CME: Big Supplies of Fed Cattle Scheduled to Come to Market in Q2

Thu, 10 May 2018

US - With big supplies of fed cattle scheduled to come to market in Q2, futures participants have adopted a shoot first and ask questions later kind of mentality, reports Steiner Consulting Group, DLR Division, Inc.

April fed cattle were sold quite aggressively at the end of March only to recover all the lost ground by the end of April when the contract came into expiration. With the choice cutout hovering in the $230/cwt area, a few more questions are now bubbling up to the surface with regard to the June contract.

June fed cattle dropped under $100/cwt at the end of March but have been slowly trending higher since then as spot fed cattle prices remain stubbornly high. Packers ended up paying significantly more for cattle in the first week of May than many thought possible. And they still made a lot of money despite the higher prices.

The comprehensive cattle report published on Wednesday showed the average price of cattle sold on a dressed basis was $195.5/cwt, $2.49 higher than the previous week while the price of cattle sold on a live basis was $124.92/cwt, $1.32/cwt higher than the week before. Early calls are for fed cattle to be lower this week but one needs to consider that with an $18 basis in place the expected declines already have been priced in this market, and then some.

Packers paying for cattle last week offered some insights into their thinking as they purchased some 49,000 cattle for delivery in the second half of May. The average price on those cattle was $193/cwt or $122/cwt on a live basis. That’s still quite a premium to the June contract, which closed Wednesday at 106.3.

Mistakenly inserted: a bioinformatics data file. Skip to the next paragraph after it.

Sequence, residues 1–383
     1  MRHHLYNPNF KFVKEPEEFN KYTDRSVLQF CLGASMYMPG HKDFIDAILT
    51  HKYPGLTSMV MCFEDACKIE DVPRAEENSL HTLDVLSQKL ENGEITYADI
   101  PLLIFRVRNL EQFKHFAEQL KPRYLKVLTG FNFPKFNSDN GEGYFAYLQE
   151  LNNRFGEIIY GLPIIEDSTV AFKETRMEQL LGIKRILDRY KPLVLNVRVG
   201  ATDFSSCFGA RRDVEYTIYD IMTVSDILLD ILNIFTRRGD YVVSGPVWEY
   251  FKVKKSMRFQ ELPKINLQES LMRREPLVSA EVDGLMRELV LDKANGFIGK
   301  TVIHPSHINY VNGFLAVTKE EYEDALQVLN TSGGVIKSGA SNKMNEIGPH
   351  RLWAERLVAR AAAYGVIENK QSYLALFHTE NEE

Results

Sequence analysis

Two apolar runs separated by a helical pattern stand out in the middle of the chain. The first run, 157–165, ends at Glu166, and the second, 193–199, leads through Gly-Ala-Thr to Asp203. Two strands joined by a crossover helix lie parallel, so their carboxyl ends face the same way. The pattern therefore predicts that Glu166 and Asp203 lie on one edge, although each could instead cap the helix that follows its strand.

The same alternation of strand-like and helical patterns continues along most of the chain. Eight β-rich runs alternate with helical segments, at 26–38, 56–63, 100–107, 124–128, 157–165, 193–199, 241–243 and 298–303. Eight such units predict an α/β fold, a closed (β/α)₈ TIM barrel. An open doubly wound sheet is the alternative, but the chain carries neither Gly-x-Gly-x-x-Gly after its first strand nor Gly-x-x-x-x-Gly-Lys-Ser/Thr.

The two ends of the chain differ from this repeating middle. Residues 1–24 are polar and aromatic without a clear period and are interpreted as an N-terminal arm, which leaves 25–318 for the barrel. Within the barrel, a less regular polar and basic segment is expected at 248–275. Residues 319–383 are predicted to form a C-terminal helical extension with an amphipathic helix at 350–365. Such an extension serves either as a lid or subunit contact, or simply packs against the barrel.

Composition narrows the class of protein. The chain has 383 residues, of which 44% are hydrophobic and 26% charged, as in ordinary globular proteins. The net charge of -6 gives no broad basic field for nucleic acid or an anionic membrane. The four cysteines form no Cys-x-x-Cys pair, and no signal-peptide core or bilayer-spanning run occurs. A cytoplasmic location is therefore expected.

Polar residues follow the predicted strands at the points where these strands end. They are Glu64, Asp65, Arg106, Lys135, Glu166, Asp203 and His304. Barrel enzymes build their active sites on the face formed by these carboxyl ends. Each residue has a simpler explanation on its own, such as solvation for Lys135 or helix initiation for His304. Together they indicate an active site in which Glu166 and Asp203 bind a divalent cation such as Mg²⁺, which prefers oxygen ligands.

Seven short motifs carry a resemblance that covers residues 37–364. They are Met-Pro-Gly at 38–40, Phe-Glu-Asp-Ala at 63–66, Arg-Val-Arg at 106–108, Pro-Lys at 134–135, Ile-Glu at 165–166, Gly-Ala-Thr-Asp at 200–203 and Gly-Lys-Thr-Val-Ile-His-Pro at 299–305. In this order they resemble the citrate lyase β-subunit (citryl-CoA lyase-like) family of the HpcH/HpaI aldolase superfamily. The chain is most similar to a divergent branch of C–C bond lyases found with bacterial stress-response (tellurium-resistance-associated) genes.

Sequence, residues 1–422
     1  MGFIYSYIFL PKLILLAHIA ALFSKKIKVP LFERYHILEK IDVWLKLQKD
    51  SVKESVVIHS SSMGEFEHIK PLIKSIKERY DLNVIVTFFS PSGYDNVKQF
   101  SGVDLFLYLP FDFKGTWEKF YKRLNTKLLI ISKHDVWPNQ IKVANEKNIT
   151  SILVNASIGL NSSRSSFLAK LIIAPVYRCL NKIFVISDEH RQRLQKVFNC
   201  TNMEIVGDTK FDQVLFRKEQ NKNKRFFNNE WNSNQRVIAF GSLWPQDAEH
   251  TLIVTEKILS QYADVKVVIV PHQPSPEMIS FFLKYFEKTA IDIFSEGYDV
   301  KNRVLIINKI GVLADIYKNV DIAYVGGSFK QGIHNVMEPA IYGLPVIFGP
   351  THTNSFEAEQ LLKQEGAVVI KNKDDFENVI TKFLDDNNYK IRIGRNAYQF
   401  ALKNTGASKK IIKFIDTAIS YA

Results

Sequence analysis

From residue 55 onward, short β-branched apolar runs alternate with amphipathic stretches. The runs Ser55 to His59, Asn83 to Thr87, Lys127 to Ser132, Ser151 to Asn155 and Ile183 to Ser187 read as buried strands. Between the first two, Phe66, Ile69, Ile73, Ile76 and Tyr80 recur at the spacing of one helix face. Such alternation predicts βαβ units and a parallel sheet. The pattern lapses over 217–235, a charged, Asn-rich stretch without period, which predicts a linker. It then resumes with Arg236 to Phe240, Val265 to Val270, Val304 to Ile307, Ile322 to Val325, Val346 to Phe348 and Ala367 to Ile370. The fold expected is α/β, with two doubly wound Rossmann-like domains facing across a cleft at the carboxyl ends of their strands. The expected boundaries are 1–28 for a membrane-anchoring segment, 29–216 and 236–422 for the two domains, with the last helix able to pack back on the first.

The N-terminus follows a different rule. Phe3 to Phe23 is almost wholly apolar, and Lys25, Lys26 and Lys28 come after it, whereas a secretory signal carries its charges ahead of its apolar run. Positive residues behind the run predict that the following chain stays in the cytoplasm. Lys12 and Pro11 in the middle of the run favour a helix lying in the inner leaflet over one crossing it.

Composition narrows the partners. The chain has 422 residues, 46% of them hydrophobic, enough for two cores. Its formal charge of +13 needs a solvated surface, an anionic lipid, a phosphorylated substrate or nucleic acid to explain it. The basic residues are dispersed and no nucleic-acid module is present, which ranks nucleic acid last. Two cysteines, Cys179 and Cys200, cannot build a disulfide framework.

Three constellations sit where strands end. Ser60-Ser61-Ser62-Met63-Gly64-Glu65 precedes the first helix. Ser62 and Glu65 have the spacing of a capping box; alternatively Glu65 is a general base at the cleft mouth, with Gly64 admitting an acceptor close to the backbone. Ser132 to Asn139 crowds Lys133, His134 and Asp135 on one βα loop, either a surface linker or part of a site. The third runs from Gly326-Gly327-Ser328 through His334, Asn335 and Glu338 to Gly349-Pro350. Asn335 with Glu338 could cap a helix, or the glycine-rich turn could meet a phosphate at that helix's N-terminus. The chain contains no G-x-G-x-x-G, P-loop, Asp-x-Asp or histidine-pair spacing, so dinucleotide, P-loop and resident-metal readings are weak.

Beef demand will be critical and participants will pay close attention to beef sales not just during the key Memorial Day week end but also Mother’s Day weekend (don’t forget its this weekend) and Father’s Day in mid-June.

The choice beef cutout has rocketed higher and we think the following chart illustrates the huge gap between the reality of high beef prices paid by end users vs. the extreme bearishness of futures participants pricing cattle for June, August and the rest of the year. Gains have been broad based.

Middle meats continue to drive the cutout, with both ribs and loins trading higher than many expected. Robust exports also have played a role, best evidenced in the high price of chucks and short plates. Packers are short for the moment and the large number of cattle sold in the negotiated market last week reflects some of that.

Forward beef sales made for delivery 22-60 days out was as big or bigger than a year ago in April. These are sales that will cover retail promotions for Memorial Day. Beef sales for 61-90 days out have been far bigger than they were a year ago, possibly indicating that retailers and other end users took advantage of the sale sign back in April to get summer needs covered.

Despite these big beef forward sales, packers have fewer cattle bought on a forward basis for delivery in May and June. For the week ending 7 May, packers had purchased 201,647 cattle for delivery in May, 40,109 head (-17 per cent) less than a year ago and June deliveries were also down by a similar amount.